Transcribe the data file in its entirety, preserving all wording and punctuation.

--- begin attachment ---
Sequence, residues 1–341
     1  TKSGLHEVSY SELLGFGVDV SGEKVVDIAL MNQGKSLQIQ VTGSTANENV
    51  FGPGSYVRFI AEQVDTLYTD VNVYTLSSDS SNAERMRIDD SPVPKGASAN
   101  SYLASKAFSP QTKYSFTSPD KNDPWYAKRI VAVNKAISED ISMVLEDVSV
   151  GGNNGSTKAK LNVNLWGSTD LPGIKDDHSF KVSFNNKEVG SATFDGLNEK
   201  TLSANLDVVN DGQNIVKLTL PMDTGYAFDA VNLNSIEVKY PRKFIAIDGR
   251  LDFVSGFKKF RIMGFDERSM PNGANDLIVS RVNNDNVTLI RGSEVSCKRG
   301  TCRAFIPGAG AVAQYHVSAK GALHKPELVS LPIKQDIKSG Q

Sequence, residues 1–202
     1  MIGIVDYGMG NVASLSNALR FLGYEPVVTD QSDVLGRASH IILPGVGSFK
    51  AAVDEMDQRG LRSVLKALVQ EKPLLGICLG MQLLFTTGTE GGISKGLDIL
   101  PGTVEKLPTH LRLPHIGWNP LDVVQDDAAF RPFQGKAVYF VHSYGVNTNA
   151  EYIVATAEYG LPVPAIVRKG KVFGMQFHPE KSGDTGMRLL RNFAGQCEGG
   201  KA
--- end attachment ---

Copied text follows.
Sequence, residues 1–341
     1  TKSGLHEVSY SELLGFGVDV SGEKVVDIAL MNQGKSLQIQ VTGSTANENV
    51  FGPGSYVRFI AEQVDTLYTD VNVYTLSSDS SNAERMRIDD SPVPKGASAN
   101  SYLASKAFSP QTKYSFTSPD KNDPWYAKRI VAVNKAISED ISMVLEDVSV
   151  GGNNGSTKAK LNVNLWGSTD LPGIKDDHSF KVSFNNKEVG SATFDGLNEK
   201  TLSANLDVVN DGQNIVKLTL PMDTGYAFDA VNLNSIEVKY PRKFIAIDGR
   251  LDFVSGFKKF RIMGFDERSM PNGANDLIVS RVNNDNVTLI RGSEVSCKRG
   301  TCRAFIPGAG AVAQYHVSAK GALHKPELVS LPIKQDIKSG Q

Sequence, residues 1–202
     1  MIGIVDYGMG NVASLSNALR FLGYEPVVTD QSDVLGRASH IILPGVGSFK
    51  AAVDEMDQRG LRSVLKALVQ EKPLLGICLG MQLLFTTGTE GGISKGLDIL
   101  PGTVEKLPTH LRLPHIGWNP LDVVQDDAAF RPFQGKAVYF VHSYGVNTNA
   151  EYIVATAEYG LPVPAIVRKG KVFGMQFHPE KSGDTGMRLL RNFAGQCEGG
   201  KA